Kelvin: Well, the, the the ultimate goal is to make this information widely accessible outside. I mean, it's, it's relevant for us that because we have different you know, units. But it's also important for people outside the airline. Right? So for research purposes, of course, we want the information you know, improve the design, think about how we want to target our interventions, et cetera.

 

Elliot: And it’s important to him that the data from the IBLI and DIRISHA projects are shared widely.

 

Kelvin: Outside, we want to ensure that this is disseminated is widely as possible. So that, you know, other people can can also help. I mean, we, you know, will not be able to to intervene in all aspects. But, you know, availing this information to our partners, make sure that people can identify how they want to use the information. And so one way we are doing that is through the dashboards that we have that we've created.

 

And so those dashboards that way be accessible to, uh, to different stakeholders so people can be able to, you know, see the trends. People can be able to identify relevant areas or important areas of intervention.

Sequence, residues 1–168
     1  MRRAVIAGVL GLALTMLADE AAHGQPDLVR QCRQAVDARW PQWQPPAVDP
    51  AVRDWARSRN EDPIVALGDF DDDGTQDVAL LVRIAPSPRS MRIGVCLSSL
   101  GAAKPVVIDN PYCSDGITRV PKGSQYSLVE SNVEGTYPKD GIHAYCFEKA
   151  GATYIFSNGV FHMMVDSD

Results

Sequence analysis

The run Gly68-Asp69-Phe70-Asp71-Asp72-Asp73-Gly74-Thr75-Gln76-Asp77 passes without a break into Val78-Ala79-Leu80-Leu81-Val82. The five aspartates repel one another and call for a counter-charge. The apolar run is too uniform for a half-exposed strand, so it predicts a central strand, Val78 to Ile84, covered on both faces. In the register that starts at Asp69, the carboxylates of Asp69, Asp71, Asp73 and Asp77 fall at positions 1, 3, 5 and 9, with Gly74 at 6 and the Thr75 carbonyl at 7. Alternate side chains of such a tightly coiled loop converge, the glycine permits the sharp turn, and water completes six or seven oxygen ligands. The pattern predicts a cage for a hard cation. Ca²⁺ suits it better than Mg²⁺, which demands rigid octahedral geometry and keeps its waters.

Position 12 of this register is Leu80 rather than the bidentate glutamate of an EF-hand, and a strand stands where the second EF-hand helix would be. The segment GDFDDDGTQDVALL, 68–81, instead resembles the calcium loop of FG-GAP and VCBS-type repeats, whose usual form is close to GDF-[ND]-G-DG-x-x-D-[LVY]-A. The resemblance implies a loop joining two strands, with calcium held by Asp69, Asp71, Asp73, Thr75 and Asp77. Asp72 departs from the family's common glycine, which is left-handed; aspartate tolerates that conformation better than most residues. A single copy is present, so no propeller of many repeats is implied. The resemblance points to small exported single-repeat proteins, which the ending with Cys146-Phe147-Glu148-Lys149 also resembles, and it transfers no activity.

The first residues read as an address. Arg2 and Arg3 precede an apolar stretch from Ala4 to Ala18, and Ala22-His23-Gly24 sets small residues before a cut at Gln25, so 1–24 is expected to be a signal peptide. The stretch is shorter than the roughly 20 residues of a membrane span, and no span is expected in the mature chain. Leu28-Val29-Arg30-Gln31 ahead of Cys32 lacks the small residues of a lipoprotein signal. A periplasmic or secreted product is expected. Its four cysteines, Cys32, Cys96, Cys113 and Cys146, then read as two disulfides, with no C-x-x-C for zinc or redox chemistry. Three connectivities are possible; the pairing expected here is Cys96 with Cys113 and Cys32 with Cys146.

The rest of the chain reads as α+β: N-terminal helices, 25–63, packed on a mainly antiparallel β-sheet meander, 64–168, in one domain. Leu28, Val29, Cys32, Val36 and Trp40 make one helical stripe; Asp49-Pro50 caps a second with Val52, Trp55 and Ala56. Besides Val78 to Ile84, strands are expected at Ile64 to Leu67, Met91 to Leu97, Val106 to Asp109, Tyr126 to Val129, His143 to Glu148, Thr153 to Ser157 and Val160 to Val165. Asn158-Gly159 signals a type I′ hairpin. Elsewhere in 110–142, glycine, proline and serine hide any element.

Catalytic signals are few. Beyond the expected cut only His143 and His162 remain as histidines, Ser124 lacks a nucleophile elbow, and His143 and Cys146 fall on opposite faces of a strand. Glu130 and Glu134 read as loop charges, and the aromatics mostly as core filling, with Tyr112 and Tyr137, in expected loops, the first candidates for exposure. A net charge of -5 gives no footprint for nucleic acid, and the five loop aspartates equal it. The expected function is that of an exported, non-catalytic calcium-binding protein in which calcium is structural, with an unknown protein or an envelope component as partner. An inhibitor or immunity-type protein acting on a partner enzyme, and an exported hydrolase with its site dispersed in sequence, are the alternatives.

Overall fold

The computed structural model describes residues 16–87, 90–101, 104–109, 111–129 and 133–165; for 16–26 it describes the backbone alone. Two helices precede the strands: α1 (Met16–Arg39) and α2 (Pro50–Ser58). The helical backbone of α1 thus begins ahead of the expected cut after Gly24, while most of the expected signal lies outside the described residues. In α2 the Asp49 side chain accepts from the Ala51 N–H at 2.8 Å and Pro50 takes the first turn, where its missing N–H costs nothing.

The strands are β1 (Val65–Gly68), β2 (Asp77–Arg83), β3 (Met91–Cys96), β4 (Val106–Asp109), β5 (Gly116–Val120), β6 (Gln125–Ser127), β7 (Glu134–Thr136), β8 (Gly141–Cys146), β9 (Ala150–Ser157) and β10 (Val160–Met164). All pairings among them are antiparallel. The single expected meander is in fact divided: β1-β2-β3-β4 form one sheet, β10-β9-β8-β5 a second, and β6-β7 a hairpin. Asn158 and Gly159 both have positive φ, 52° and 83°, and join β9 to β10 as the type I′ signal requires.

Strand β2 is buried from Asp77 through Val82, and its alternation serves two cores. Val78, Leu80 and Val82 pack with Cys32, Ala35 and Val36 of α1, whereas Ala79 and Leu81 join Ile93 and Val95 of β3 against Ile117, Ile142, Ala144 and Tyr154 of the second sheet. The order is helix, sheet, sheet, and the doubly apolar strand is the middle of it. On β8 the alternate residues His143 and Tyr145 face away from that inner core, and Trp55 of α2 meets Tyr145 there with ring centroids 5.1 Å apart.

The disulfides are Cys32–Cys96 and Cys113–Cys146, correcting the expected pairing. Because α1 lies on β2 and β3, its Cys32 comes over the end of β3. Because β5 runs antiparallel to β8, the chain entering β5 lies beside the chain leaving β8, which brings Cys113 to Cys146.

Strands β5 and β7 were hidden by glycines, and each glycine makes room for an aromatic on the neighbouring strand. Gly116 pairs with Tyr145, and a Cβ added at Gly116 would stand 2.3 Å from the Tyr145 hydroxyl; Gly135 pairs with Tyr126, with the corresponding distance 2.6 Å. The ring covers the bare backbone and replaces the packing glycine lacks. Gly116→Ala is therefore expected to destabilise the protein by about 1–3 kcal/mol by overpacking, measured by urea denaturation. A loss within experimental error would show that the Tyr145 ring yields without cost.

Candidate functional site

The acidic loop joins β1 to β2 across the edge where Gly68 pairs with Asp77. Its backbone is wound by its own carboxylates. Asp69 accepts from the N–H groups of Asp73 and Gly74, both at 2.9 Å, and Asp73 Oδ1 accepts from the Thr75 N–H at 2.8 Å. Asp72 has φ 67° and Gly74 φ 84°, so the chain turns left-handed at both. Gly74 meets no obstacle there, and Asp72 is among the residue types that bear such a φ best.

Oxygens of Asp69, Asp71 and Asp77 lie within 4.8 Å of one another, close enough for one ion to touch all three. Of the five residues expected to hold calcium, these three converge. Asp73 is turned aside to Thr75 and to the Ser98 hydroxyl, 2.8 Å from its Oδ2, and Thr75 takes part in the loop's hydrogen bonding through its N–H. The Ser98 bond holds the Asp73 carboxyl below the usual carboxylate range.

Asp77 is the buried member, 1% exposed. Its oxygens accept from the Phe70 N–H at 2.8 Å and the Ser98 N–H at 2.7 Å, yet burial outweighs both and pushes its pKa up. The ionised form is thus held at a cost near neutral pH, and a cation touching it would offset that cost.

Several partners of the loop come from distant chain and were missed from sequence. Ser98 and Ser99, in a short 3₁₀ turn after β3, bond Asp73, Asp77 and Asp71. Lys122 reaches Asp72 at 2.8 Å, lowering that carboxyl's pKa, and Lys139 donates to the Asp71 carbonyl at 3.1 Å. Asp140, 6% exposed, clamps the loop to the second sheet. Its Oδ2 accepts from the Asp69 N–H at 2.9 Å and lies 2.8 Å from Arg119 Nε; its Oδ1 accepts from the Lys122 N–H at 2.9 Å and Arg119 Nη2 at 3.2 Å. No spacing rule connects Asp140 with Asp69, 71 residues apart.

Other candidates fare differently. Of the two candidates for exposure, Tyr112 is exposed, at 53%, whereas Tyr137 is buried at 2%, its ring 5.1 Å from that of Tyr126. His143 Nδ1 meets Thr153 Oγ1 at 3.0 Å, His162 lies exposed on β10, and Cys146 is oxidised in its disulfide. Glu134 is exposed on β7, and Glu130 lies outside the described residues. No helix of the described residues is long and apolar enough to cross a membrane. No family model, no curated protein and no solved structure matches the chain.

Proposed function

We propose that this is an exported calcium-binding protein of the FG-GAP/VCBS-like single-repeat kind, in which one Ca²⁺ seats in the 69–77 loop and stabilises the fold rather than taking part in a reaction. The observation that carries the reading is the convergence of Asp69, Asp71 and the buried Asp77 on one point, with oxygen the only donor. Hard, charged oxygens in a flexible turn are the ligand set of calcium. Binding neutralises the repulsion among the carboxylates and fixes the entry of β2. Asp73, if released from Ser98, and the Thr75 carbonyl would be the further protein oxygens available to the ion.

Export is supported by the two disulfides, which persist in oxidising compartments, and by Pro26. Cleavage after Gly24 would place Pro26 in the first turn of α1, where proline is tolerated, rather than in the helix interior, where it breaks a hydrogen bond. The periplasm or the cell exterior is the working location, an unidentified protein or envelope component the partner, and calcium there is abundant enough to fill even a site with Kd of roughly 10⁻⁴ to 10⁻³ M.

Brenda: IBLI and DIRISHA have changed a lot over the years… and many other changes are in the works. One thing that scientists and insurers have learned throughout the project is that this isn’t exactly a money-making enterprise. Still, some insurers have been happy to participate because they see it as part of their corporate social responsibility to the people of the community they serve.

 

Elliot: But overall these schemes rely on government support and donor funding to survive—at least for now. One idea for the future is to bundle services together so that if farmers or pastoralists pay a premium and there’s no drought, they still feel like they gained something.

 

Brenda: And these are all things that can be worked on in due time. But Rupsha and Kelvin are hopeful about the sustainability of the project and being able to scale it up.